Managing capital and ensuring the liquidity ratio is healthy. Helping make sound investment and resource allocation decisions, so solid financial performance is delivered each and every quarter. Ensuring the Group remains competitive as new business opportunities emerge in frontier markets such as Myanmar.
So far, so usual – Sanjeev Agrawal’s job, as CFO for Singapore and Southeast Asia at Standard Chartered Bank, is not unlike that of any other regional finance chief at a multinational bank.
But the way Agrawal goes about delivering on his KPIs is a bit out of the ordinary. You will hardly catch him writing anyone a second email. Instead, he will place a phone call or arrange face-to-face interaction.
“I don’t believe emails are the most effective way to collaborate,” says the CFO, who is also a member of the Singapore CFO Institute Advisory Council. “A phone call or a meet up over a drink encourages dialogue, fast tracks things and improves relationships. You’ll miss out on a lot if you rely solely on text in an email.”
“Disagreements are good. If we just agree with each other, we could make other kinds of mistakes”
That’s because he sees the role of the CFO as not just a matter of overseeing finance, reporting, compliance, analysis and strategy setting. It also involves actively resolving conflicts around financial management and nurturing the partnership relationships between finance and the rest of the business, and within finance itself.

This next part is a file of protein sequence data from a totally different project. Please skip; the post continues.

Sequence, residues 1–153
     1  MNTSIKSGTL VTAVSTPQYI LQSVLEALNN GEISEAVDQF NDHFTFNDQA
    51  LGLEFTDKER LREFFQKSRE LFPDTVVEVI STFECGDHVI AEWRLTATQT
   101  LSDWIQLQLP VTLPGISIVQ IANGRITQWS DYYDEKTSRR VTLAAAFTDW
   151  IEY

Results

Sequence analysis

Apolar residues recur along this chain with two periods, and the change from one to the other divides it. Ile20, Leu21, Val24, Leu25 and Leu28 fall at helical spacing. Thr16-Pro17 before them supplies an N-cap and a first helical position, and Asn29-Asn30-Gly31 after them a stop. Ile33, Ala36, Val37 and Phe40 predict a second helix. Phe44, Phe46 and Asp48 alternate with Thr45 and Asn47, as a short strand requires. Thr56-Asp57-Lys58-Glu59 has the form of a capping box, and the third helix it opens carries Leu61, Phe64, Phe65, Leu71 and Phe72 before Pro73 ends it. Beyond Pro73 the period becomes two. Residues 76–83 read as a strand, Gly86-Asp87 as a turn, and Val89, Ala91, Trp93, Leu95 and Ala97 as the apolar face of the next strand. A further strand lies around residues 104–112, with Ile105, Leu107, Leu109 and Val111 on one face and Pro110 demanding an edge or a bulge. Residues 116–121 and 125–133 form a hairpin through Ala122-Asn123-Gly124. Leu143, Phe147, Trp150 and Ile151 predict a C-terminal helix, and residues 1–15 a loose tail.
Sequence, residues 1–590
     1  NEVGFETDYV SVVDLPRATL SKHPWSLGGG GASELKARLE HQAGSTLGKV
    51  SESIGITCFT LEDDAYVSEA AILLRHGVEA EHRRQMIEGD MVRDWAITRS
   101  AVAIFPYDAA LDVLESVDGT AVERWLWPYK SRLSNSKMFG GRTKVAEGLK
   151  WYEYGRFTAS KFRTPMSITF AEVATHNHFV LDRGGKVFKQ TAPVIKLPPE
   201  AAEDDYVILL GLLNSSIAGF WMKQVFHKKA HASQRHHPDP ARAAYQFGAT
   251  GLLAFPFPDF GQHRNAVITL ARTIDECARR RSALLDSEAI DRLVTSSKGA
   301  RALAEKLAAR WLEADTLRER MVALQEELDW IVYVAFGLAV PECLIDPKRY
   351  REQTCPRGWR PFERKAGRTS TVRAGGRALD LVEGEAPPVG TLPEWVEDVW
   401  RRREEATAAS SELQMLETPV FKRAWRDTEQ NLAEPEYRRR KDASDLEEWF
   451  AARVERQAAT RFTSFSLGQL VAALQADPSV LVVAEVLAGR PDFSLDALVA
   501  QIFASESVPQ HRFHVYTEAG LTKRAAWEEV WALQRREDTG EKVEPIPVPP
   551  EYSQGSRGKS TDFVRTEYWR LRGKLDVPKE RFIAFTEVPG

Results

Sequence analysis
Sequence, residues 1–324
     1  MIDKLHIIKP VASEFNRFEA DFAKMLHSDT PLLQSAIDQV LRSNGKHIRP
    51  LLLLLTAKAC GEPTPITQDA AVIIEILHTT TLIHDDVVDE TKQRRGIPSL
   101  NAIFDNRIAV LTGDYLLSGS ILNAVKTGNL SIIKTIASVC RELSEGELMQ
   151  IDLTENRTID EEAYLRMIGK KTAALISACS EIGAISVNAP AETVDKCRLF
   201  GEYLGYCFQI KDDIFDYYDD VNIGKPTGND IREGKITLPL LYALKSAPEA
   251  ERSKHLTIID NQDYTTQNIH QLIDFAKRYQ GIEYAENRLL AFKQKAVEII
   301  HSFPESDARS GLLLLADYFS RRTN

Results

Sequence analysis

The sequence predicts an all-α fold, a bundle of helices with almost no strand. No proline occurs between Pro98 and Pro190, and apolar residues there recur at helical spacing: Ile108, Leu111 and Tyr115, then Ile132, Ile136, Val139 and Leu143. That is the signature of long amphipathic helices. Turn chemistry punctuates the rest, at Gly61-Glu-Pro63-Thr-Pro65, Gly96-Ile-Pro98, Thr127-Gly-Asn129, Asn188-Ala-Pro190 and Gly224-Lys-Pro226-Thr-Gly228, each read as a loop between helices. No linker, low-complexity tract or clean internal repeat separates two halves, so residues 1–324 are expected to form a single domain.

Take the issue of making pricing decisions, as an example. One business head might want to increase interest rates to attract more deposits. But another business unit might want to lower rates to increase lending. Both agendas work against each other.
Enter the CFO. Agrawal’s job is, simply put, to act in the ultimate interest of the bank. This is a task likely easier said than done as he aims not to aggravate either party, but to turn the outcome into a “win-win” and not a “win-lose” situation.
The solution is to “deal with the emotions and the facts to work out what’s best for the bank,” says Agrawal. It should not be exclusively a matter of poring over facts, figures and hard reports. This does figure significantly, says Agrawal, but time should also be spent on the emotional side of the coin – building relationships both within and outside of work to foster mutual understanding.
The corporate structure alone – where someone higher up the hierarchy makes the ultimate decision – is not geared toward solving these problems. What helps is the goodwill and mutual respect the “protagonists” have for each other, and for the CFO.
Gentle tweaking and tuning are needed to ensure cohesion and collaboration. It is the primary reason why the bank holds forums and meetings, with the aim of ensuring members spend quality time with each other. “If an orchestra doesn’t practice together and enjoy the process, what kind of music are we going to get?” the CFO asks.
Go easy on the email
For Agrawal, music rehearsals cannot be done over email. Face-to-face time has another advantage over email, and that is its potential for dialogue to lead into issues that do not relate to the immediate problem. Learning new things from colleagues contributes to his ability to perform better at his job, Agrawal says. “Knowledge, a lot of it, is needed to understand the different points of view.”
Face-to-face communication could, of course, also lead to more conflict, but Agrawal is of the opinion that this isn’t necessarily a negative consequence. “Disagreements are good. If we just agree with each other, we could make other kinds of mistakes,” he says.